Lectionary Calendar
Monday, April 22nd, 2024
the Fourth Week after Easter
Attention!
Tired of seeing ads while studying? Now you can enjoy an "Ads Free" version of the site for as little as 10¢ a day and support a great cause!
Click here to learn more!

Bible Commentaries
Exodus 15

Bridgeway Bible CommentaryBridgeway Bible Commentary

Verses 1-21

Click image for full-size version

Moses’ victory song (15:1-21)

The song that Moses and the people sang was more than just a song of rejoicing over a fallen enemy. It was above all a song of praise to God, whose character the people had come to know better in the events of their deliverance from Egypt. He was a God of power who saved his people and overthrew their enemies, a God of terrible majesty and holiness who so directed the forces of nature that arrogant, rebellious people were destroyed (15:1-10). Yahweh executed his judgment on Egypt’s gods and proved to his people that he was the only God. Moreover, he was their covenant Redeemer, and was faithful to his promises (11-13; cf. 6:6; 12:12).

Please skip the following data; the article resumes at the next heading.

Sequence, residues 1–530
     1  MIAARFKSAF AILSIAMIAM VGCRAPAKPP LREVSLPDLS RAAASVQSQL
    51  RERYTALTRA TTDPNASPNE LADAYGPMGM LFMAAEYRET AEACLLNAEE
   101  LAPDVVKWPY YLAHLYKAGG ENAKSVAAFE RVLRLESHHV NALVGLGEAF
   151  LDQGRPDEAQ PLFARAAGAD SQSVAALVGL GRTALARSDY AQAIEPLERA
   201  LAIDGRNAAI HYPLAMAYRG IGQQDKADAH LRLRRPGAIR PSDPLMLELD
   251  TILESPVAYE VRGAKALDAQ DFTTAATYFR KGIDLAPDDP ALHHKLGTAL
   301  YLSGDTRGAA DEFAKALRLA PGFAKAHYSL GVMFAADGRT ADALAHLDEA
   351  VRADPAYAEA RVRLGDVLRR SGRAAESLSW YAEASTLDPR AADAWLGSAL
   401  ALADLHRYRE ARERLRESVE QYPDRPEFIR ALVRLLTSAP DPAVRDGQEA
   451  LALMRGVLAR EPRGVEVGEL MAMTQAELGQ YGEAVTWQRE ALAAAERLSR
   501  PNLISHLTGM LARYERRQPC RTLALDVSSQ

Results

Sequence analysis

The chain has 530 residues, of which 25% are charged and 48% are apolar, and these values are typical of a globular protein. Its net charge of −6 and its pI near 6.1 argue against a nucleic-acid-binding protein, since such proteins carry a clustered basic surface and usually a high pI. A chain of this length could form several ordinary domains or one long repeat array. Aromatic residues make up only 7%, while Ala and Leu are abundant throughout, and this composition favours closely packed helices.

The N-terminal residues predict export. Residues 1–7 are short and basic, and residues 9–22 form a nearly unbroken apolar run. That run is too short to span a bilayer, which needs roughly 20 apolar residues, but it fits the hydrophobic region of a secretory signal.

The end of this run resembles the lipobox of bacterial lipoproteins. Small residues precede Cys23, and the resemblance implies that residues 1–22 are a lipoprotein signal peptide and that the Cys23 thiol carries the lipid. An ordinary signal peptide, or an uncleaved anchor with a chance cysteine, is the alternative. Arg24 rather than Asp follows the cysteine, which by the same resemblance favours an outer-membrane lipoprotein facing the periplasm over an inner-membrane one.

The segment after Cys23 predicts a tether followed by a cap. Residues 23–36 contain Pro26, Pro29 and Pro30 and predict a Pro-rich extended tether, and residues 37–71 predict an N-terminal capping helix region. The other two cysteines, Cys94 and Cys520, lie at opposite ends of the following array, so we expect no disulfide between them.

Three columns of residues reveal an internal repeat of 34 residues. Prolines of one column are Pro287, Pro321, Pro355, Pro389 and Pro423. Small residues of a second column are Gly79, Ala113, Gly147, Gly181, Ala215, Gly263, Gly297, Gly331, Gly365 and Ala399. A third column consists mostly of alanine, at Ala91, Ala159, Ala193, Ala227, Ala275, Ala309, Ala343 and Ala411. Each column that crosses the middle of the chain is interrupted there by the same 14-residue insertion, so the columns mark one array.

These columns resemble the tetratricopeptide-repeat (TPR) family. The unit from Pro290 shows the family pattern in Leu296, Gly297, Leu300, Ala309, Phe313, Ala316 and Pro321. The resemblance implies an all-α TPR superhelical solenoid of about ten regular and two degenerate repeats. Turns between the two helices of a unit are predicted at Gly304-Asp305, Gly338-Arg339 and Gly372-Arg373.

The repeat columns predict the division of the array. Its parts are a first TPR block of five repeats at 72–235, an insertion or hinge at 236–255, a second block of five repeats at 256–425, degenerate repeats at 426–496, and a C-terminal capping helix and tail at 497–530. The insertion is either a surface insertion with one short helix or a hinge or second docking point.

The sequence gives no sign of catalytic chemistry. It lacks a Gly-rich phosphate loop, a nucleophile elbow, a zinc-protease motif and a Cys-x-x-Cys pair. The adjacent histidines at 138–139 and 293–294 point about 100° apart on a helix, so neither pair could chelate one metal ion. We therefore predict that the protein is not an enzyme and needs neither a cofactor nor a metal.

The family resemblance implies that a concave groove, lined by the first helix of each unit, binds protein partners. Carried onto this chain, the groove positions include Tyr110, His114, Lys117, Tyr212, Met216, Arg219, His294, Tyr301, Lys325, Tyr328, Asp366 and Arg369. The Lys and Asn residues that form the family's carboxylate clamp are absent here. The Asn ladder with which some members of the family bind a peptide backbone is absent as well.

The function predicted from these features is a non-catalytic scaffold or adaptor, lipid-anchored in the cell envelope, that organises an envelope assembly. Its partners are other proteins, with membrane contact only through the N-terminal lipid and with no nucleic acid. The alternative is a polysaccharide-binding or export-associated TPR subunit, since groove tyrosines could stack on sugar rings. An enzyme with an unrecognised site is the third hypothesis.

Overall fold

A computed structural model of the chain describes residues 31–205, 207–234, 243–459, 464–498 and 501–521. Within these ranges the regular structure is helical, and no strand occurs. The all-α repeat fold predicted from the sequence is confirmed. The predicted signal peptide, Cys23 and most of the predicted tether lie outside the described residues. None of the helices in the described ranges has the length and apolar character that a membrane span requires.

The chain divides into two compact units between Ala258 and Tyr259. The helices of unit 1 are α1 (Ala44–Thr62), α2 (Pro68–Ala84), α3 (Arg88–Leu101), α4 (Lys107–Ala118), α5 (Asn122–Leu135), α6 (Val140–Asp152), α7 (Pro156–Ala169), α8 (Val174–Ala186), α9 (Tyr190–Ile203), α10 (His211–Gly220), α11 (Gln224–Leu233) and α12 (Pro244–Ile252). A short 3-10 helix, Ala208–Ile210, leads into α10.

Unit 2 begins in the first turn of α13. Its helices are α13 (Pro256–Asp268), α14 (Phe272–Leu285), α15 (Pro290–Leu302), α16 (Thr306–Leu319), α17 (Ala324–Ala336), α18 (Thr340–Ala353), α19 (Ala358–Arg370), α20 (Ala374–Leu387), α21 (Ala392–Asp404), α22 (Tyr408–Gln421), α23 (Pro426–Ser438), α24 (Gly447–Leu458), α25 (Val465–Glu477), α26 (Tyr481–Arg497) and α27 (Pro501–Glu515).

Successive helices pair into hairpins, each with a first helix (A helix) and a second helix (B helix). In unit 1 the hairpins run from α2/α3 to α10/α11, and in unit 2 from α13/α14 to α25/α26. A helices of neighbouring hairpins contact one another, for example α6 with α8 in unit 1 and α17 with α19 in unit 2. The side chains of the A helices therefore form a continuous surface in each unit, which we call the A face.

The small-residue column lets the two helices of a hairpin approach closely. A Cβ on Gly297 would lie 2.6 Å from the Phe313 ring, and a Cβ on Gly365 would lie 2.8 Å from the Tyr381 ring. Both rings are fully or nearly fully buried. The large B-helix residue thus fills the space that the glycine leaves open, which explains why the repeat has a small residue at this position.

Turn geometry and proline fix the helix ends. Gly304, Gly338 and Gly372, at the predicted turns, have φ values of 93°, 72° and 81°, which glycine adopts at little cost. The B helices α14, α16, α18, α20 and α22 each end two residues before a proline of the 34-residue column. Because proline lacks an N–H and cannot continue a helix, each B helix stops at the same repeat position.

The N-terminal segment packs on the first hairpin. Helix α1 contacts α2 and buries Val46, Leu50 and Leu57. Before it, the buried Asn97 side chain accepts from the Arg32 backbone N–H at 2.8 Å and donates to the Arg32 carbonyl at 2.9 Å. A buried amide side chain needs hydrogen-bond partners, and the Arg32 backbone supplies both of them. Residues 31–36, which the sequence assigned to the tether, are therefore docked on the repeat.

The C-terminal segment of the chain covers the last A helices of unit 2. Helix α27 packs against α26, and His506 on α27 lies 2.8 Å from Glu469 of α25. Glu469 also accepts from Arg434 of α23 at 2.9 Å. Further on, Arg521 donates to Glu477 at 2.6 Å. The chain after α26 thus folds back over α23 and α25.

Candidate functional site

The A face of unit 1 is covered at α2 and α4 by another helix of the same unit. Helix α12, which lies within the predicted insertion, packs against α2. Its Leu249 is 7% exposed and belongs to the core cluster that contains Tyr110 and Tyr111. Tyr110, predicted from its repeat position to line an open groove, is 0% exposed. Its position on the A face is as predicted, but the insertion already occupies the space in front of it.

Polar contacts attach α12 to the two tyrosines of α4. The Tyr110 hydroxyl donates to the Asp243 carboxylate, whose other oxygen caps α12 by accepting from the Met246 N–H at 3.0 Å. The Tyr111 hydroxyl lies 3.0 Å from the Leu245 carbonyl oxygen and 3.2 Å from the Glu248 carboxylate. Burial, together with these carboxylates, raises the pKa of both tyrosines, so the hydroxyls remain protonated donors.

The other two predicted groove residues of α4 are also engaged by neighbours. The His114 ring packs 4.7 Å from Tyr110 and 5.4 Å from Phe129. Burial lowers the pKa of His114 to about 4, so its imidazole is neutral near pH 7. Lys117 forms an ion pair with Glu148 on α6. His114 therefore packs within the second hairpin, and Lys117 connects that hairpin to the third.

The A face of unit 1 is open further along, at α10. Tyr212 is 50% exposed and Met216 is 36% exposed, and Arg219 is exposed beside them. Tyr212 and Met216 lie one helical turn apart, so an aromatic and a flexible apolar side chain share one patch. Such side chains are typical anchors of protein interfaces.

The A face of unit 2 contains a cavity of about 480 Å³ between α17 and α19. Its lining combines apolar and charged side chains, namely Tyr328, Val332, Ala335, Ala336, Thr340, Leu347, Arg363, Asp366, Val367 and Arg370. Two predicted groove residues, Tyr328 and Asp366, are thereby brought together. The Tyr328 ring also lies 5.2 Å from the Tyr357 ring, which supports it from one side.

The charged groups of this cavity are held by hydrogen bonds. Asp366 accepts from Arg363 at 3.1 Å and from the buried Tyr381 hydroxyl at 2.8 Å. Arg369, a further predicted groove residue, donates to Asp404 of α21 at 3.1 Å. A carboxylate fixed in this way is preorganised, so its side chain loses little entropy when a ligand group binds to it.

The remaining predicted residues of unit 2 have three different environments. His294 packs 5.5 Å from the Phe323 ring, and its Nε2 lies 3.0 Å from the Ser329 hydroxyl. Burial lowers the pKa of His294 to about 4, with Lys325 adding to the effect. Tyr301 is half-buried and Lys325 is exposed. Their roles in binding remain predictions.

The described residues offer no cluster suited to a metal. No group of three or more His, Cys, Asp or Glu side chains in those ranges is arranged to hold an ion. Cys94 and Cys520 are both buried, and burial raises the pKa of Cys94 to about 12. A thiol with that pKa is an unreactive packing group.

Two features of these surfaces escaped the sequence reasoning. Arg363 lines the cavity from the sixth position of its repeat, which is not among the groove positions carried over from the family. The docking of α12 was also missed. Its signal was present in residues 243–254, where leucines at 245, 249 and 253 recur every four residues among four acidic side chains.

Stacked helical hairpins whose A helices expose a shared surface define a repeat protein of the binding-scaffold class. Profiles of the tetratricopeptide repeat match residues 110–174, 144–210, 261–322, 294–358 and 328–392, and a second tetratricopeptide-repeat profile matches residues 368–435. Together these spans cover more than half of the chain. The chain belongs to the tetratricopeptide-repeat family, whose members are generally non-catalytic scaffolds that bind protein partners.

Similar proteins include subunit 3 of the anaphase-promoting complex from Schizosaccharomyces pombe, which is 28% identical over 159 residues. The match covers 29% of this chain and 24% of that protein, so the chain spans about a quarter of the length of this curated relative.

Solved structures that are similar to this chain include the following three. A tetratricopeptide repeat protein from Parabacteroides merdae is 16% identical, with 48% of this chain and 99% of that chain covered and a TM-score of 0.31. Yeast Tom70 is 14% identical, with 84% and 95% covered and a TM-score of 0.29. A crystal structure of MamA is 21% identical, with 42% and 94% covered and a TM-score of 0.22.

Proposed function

In addition the victory gave Israel confidence for the future. As God overthrew mighty Egypt, so he would overthrow less powerful nations that Israel would meet on the journey ahead. Having redeemed his people from bondage, God would surely bring them into the land he had promised them (14-18). Miriam then led the women in a victory celebration of music, dancing and singing (19-21).

Verses 22-27

15:22-18:27 JOURNEY TO SINAI

Complaints about water (15:22-27)

Having spent all their lives in Egypt, the Israelite people were not prepared for the hardships of life in the barren wilderness regions. Their joyous feelings of faith, so confidently displayed in their song of victory at the Red Sea, did not last long. When, after three days thirsty travel, they found that the only water available was undrinkable, they complained bitterly (22-24).
God had to teach the people that his presence among them did not mean they would be free of the problems of daily living. Nevertheless, if they lived each day in obedience to him, he would help them survive in the desert amid hardship and disease. He could teach them bushcraft so that undrinkable water could be made drinkable; or he could guide their journeyings so that they came to places where good water was available (25-27).

Bibliographical Information
Flemming, Donald C. "Commentary on Exodus 15". "Fleming's Bridgeway Bible Commentary". https://www.studylight.org/commentaries/eng/bbc/exodus-15.html. 2005.
adsFree icon
Ads FreeProfile